Small and Medium-sized Enterprises are the backbone of almost all economies in the world. Their essential contribution to sustained and broad-based development has become even more indispensable in the regional and global economy of today. This is particularly the case in ASEAN, with each member nation having between 52 and 97 percent of its domestic employment within the SME sector. Here in Cambodia, a recent report from the Economic Research Institute for ASEAN and East Asia puts SME employment at 73 percent of the domestic work force.
More than 125 small and medium-sized enterprise (SME) entrepreneurs attended a one-day workshop in Phnom Penh today to enhance their knowledge and skills on good business practices presented by U.S. multi-national companies.
Sponsored by the US-ASEAN Business Alliance for Competitive SMEs, a partnership between the U.S. Agency for International Development (USAID) and the US-ASEAN Business Council (US-ABC), the workshop included training in good business, financial and legal practices, and solutions including e-commerce and logistic tools to help improve the competitiveness of the participating firms.
On behalf of the American people, thank you for allowing me to make brief remarks. A fundamental principle in democracy is that citizens have the right to demand accountability and that the government at all levels from the commune council to the national level including the Ministry of Education have an obligation to be accountable. Each and every appointed and elected official and civil servants are accountable for their conduct and performance.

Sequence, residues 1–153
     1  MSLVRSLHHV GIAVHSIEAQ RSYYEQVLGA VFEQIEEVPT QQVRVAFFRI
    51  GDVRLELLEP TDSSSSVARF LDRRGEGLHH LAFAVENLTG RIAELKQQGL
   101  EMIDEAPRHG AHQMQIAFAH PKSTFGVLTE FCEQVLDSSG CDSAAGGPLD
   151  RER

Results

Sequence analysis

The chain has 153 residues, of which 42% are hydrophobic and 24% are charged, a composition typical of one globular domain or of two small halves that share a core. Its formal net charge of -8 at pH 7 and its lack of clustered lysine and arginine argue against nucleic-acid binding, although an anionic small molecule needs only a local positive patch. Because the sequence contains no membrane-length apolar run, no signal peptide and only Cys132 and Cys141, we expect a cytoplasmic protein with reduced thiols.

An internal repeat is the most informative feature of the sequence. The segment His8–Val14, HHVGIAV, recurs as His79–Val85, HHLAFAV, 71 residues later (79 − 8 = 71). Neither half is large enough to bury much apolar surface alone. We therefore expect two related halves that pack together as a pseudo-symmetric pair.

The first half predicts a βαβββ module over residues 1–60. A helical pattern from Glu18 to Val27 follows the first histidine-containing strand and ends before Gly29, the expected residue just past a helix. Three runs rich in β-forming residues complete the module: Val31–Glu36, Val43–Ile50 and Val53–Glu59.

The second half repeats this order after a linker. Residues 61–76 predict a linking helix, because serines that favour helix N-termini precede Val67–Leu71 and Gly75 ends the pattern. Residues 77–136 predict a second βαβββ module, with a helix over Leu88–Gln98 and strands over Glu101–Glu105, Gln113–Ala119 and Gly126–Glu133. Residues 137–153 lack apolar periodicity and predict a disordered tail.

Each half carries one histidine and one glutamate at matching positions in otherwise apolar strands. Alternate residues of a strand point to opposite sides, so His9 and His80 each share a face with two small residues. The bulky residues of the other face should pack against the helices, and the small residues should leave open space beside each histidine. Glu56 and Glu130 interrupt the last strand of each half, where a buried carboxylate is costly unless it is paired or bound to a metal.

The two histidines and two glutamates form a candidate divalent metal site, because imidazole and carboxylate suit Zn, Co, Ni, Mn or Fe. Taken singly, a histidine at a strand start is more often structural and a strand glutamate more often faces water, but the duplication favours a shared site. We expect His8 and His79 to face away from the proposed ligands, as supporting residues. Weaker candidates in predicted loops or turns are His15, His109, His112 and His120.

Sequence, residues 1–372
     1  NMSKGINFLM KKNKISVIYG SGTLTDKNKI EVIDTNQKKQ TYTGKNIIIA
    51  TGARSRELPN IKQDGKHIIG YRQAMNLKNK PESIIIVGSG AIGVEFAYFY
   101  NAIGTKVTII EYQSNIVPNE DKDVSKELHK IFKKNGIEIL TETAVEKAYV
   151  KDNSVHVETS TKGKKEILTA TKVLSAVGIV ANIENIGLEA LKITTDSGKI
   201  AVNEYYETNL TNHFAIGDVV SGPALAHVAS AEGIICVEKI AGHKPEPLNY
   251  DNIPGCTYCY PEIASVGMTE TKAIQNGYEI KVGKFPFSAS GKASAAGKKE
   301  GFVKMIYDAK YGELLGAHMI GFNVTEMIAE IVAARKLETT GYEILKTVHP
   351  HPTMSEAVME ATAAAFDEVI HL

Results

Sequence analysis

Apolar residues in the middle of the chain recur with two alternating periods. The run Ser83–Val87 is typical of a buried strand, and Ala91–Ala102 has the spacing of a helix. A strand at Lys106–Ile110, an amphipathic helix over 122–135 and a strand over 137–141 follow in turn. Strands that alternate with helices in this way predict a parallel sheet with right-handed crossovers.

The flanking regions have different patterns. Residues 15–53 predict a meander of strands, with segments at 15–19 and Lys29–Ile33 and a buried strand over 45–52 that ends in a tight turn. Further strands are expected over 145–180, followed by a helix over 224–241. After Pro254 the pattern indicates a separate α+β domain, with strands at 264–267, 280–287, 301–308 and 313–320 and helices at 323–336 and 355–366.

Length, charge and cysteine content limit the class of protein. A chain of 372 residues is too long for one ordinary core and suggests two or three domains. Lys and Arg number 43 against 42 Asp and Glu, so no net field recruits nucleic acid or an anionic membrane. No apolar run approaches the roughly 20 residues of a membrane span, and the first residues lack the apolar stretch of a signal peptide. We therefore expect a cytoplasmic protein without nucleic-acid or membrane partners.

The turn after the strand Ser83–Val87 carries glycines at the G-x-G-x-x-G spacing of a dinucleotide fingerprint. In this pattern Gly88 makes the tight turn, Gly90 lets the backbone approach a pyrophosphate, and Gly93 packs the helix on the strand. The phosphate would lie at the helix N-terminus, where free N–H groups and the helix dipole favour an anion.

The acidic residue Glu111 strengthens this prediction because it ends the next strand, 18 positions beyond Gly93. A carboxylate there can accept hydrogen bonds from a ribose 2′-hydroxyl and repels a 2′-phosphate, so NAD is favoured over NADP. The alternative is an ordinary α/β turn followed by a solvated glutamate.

I am honored to be here this afternoon in recognition of Cambodia’s National Day against Trafficking. I would like to recognize the Provincial Committee to Combat Human Trafficking who have worked closely with our partner – Winrock International – to make this event a reality. Too many Cambodians continue to be pushed into situations where they are easily exploited or trafficked. We need to recommit our collective energy to ensure those situations are a thing of the past.
According to the WHO status report on road safety, road traffic accidents result in more than 1 million deaths globally each year. For every 1 person who dies in a road traffic crash, 20 are injured. And 1 in 20 of those injured is left with a disability. At such a scale, this is an issue that impacts each of us. We envision a world where we and our loved ones face fewer risks as we go about our everyday lives.
But the numbers don’t really describe the huge impact that accidents have. A traffic death may cost a family its wage earner. Traffic injuries may mean a child won’t be able to attend school. In short – the accidents have the potential to cost Cambodia’s government and its society heavily. What makes events like today all the more exciting, however, is that we come together not just to discuss the problem, but to celebrate a solution: the Asia Injury Prevention Foundation’s “Head Safe, Helmet On” campaign.
Last updated: August 19, 2015